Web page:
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Norman Geras

04 Crimes Against Humanity 098-112 3/12/10 10:11 Page 98 4 Humanitarian intervention We have seen in the preceding chapters that the concept of crimes against humanity implies a limit to state sovereignty. It is natural, therefore, that discussion of the concept, and especially of its beginnings, should make reference to an earlier tradition within international law to which that same limit is germane – I mean the tradition of humanitarian intervention. In fact, the principle of humanitarian intervention stands not only at the origin of the offence of

in Crimes against humanity
Paul Latawski and Martin A. Smith

NATO’s employment of military power against the government of Slobodan Milosevic over Kosovo has been among the most controversial aspects of the Alliance’s involvement in South East Europe since the end of the Cold War. The air operations between March and June 1999 have been variously described as war, ‘humanitarian war’, ‘virtual war’, intervention and ‘humanitarian intervention’ by the conflict

in The Kosovo crisis and the evolution of post-Cold War European security
Georg Elwert

12 Intervention in markets of violence Georg Elwert Introduction    backbone of a state, the monopoly of violence. The society loses its cohesion. Behind smokescreens of ethnic, political, religious or other ideological goals appears a new – mainly economic – reference for social action: acquisition based upon violence. Markets of violence are highly profitable social systems, which can remain stable over several decades. The dominant actors in this system, the warlords, combine violent appropriation with peaceful exchange. Markets of violence

in Potentials of disorder
Jannika Brostrom

T HIS CHAPTER EXAMINES the use of moral suasion in cases of violence, justified as humanitarian intervention. It argues that rather than this being reflective of normative shifts in world politics brought about by global civil society, it can be explained by referring to the role of power and interests. After an examination of how supporters of global civil society

in Violence and the state
Ana E. Juncos

: 388) Introduction This chapter examines the post-conflict intervention of the EU in Bosnia until 2001. EU foreign policy during this period was marked by continuity. The EU’s intervention in Bosnia continued to be mainly civilian (economic and humanitarian) in nature since military initiatives were avoided by the member

in EU Foreign and Security Policy in Bosnia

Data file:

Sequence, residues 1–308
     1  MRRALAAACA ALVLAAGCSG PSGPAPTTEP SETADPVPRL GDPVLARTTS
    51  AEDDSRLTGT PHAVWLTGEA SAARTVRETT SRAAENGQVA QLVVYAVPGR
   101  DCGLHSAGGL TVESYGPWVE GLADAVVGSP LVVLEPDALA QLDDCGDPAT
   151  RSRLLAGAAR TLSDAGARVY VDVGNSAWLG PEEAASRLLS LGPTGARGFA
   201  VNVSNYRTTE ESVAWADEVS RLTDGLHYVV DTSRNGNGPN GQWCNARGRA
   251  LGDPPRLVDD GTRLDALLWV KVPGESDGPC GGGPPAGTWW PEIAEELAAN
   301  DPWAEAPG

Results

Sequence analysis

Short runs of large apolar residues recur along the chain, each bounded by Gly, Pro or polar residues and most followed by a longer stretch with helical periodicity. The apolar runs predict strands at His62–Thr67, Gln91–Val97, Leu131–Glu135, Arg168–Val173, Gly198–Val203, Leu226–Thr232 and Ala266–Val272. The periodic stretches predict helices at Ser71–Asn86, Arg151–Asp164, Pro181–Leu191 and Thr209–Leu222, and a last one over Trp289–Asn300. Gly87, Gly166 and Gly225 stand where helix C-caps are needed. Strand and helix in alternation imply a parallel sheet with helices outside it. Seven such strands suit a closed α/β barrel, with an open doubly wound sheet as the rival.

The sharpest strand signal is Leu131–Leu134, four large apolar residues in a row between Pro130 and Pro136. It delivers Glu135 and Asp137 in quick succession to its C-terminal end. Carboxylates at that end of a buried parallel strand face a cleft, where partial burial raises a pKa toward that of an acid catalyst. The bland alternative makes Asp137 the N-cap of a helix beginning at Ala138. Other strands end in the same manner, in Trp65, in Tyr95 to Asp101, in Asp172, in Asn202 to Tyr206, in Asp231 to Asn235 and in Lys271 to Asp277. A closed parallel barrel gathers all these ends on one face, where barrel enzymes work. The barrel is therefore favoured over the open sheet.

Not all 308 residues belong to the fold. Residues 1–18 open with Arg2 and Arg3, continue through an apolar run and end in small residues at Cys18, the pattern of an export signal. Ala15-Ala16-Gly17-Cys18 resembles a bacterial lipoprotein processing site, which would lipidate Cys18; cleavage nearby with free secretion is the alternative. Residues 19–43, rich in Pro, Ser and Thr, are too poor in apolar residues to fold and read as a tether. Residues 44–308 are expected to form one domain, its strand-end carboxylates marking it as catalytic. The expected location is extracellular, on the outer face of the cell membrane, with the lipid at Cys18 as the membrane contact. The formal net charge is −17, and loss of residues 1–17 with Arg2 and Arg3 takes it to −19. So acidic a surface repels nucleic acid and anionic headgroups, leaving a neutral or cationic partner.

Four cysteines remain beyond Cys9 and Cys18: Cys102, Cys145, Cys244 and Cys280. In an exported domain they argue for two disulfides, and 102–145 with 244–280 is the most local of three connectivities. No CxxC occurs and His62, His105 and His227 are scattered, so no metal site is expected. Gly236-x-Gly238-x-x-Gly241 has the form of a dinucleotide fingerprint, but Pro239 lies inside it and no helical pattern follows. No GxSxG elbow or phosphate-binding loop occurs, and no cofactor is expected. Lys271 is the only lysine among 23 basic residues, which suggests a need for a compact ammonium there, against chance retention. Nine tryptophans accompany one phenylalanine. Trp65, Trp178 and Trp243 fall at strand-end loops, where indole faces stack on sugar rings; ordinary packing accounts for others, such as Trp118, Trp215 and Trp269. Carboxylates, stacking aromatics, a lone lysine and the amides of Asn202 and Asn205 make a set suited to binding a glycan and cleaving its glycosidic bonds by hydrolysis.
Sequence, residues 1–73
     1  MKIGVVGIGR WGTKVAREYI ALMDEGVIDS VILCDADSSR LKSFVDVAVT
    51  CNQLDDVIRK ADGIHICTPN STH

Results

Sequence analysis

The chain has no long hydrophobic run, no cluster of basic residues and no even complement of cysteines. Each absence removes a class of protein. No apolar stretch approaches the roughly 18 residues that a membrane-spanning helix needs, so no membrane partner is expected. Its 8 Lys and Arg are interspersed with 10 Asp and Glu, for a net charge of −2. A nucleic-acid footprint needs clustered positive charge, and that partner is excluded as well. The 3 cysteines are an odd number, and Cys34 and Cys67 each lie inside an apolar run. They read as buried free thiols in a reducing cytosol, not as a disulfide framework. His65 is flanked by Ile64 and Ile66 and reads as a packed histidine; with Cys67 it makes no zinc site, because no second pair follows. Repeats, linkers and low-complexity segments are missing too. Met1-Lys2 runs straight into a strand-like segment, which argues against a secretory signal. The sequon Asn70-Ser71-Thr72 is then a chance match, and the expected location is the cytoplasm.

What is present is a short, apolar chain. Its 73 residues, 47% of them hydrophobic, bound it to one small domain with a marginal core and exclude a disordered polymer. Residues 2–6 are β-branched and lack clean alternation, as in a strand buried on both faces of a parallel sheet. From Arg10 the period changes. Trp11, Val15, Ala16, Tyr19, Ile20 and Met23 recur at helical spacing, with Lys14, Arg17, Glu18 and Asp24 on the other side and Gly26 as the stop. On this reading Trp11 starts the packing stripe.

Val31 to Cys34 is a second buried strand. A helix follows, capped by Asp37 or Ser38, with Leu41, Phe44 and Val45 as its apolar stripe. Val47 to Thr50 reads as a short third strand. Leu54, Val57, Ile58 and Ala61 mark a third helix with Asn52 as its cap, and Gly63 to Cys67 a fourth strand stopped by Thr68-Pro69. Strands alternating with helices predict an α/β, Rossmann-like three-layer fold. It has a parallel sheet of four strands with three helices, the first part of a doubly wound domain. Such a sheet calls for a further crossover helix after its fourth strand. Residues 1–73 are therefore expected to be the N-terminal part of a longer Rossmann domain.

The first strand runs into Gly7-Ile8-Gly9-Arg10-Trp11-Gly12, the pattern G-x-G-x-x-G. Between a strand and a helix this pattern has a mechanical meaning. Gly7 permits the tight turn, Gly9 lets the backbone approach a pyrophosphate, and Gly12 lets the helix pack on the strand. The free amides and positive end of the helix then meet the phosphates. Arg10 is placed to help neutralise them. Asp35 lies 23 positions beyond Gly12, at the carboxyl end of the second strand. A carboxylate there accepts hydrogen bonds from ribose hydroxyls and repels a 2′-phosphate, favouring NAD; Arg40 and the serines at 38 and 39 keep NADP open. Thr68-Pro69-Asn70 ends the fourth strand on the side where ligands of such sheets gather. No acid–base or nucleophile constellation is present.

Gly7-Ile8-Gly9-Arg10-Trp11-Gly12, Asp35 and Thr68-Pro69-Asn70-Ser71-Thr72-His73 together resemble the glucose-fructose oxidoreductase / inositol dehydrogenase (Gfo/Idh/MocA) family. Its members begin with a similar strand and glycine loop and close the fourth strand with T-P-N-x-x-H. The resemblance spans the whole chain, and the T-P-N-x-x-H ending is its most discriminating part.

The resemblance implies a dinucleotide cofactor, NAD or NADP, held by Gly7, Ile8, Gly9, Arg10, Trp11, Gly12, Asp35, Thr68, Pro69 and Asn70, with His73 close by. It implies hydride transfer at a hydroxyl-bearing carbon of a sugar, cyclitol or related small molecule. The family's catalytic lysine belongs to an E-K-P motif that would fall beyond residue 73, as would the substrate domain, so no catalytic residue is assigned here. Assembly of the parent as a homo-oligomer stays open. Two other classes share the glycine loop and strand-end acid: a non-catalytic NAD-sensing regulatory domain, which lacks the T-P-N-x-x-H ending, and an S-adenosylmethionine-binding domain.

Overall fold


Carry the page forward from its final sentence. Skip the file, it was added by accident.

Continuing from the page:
Annika Bergman Rosamond and Christine Agius

10 Sweden, military intervention and the loss of memory Annika Bergman Rosamond and Christine Agius Introduction Since the 1990s, Sweden has gradually changed from a neutral country to one that is ‘militarily non-aligned.’ It has taken active part in international peace operations under the command of NATO and the EU, and contributed forces to operations in Kosovo, Afghanistan and Libya. In 2015 Sweden also set aside resources to train Kurdish troops in Northern Iraq in the fight against ISIS (Dagens Nyheter 2015). At the 2014 NATO Summit in Warsaw, Sweden

in The politics of identity
Stephen Benedict Dyson

4 The Kosovo and Sierra Leone interventions ‘There is only one person arguing for ground troops’ to go into Kosovo, commented a senior NATO official as the alliance pondered its options, ‘and that is Tony Blair’.1 Blair was indeed alone during late April and May 1999 in pushing forcefully for an invasion of Kosovo to halt Serbian ethnic cleansing operations, and his stance, which was judged by some to be close to ‘messianic’,2 provoked high anger from President Clinton, ‘widespread bafflement’ from the French,3 and a questioning of his judgment from some cabinet

in The Blair identity
Annabelle Littoz-Monnet

2997 The European Union and culture 26/2/07 09:31 Page 20 2 Cultural policy at the heart of tensions between conflicting models of policy intervention Culture is the field ‘par excellence’ where policy preferences are not only determined by institutional, political and economic interests, but also by policy ideas. Depending on how policy actors perceive a given policy problem, their views will also differ as to how the sector should be regulated. Thus, the Communitarisation process of the cultural sector was characterised by a competition between conflicting

in The European Union and culture
Open Access (free)
Architecture, Building and Humanitarian Innovation
Tom Scott-Smith

white modernist building lit up in the dark, tucked away in a far corner of the Giardini. I ran to take cover. It featured an exhibit called Places for People : a sparse but simply furnished demonstration of real interventions rather than idealistic projections, describing three projects that had worked with refugees to make modest but important improvements to their emergency shelters. The ideas were a refreshing change from the rest of the Biennale because they were so

Journal of Humanitarian Affairs
Emmanuelle Strub

on the periphery of conflicts to the heart of them. Yugoslavia, Chechnya, Rwanda and the entire Great Lakes region of Africa became particularly high-risk areas for aid workers. It was during the intervention in Somalia in 1992 that the interface between security, operational procedures and humanitarian principles became central for MdM. The political and security climate at the time confined NGOs to urban centres across Somalia, while the looting of humanitarian convoys

Journal of Humanitarian Affairs